The Constitution of the United States established a federal form of government for this nation. In a federal form of government, the different levels of government share sovereignty but the national government has the greatest amount of sovereignty. In the federal form of government in the United States, the government has three different levels: national, state and local. Local government includes county, city and special districts.

In our system, each level of government is free to act if a higher level has not acted. Because of this, Wyoming was able to allow women to vote before ratification of the 19th Amendment to the Constitution and Georgia allowed 18 year olds to vote before ratification of the 26th Amendment.

There are two different types of federalism established in the Constitution.

Article IV, the Interstate Relations Article, establishes horizontal federalism which defines the relationship among the states. Under the Constitution, all states are equal and must treat each other as equals.

Article VI, the Supremacy Clause of the Constitution, establishes vertical federalism. This federalism establishes the supremacy of the national government in its relationship with the states.

Types of Powers

There are many different types of powers created by our federal system.

Expressed or delegated powers are those powers specifically granted to the national government. These powers are primarily in Article I, Section 8, clauses 1 through 17 of the Constitution.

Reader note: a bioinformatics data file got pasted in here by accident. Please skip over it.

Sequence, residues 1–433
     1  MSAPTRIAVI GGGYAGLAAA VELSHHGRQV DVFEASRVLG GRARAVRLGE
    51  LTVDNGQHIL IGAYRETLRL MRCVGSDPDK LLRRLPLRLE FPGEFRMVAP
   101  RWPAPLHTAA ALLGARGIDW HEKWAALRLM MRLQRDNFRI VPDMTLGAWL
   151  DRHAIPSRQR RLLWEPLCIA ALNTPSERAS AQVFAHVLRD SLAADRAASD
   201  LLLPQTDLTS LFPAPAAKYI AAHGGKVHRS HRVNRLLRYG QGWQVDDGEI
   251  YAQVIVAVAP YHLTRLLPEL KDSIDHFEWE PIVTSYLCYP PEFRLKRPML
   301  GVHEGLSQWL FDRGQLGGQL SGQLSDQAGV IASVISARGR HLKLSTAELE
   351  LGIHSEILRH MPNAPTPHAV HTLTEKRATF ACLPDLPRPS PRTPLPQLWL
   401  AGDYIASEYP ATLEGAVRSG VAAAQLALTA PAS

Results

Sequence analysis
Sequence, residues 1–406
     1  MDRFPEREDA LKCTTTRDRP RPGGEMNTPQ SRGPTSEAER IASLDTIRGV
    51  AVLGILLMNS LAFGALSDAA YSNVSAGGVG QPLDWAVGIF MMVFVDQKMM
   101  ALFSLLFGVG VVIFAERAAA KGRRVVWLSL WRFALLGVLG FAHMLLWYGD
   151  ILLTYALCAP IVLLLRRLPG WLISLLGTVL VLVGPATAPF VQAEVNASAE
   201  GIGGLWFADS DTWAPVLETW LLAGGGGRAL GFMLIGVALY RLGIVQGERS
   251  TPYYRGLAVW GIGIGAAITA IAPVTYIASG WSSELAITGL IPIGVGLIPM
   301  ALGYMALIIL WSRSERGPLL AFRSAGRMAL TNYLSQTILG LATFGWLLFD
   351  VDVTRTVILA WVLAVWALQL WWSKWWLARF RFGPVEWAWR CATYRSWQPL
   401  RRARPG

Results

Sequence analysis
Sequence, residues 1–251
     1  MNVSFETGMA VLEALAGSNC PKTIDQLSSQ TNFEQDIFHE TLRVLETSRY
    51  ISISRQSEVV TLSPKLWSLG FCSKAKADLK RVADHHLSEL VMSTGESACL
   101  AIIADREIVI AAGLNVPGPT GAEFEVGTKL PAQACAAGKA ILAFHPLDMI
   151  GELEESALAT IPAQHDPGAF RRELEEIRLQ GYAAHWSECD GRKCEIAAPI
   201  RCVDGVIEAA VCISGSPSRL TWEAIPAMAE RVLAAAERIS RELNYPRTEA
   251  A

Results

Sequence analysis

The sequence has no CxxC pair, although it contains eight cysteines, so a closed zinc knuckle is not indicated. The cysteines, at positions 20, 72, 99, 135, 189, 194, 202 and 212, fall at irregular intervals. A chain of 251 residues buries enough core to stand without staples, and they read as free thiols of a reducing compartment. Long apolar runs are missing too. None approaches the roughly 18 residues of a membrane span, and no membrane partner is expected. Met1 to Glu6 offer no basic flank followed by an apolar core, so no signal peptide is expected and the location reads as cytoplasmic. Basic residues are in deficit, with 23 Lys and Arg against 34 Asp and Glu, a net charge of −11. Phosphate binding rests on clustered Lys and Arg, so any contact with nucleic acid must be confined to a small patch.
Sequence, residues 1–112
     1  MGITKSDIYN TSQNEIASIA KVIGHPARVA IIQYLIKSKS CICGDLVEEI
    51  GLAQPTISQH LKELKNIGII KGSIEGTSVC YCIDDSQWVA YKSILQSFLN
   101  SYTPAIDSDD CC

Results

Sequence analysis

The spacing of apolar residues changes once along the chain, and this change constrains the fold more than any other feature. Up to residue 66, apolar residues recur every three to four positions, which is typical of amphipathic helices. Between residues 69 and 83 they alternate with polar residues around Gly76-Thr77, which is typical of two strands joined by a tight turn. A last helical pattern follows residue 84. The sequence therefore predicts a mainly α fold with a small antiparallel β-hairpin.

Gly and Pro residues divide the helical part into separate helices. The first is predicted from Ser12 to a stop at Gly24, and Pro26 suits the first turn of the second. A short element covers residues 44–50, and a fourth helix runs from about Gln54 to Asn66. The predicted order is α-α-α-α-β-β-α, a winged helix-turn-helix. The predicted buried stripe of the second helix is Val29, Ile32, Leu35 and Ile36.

Inherent powers are those powers that the national government gets because of being sovereign. Inherent powers allow the national government to conduct foreign relations with other nations.

The third type of power of the national government is implied power. Implied powers are those not specifically listed in Article I but which can be assumed from the delegated powers. The Supreme Court developed the concept of implied powers in McCulloch v. Maryland using the "necessary and proper clause" of Article I, Section 8.  When the United States charted a national bank, the state of Maryland had levied a tax on paper money by requiring that the money used in the state be printed on paper provided by the state of Maryland,  When McCulloch, the head cashier for the Baltimore Branch of the national bank, used paper money provided by the national government, the case went to the United States Supreme Court and implied powers were developed.

In the Tenth Amendment to the Constitution it says that power not given to the national government nor withheld from the state governments are reserved for the states. These reserved powers are powers that only the states have.

The final type of power is power that the national government and the state governments share. Both levels have the power at the same time or concurrently. These shared powers are concurrent powers.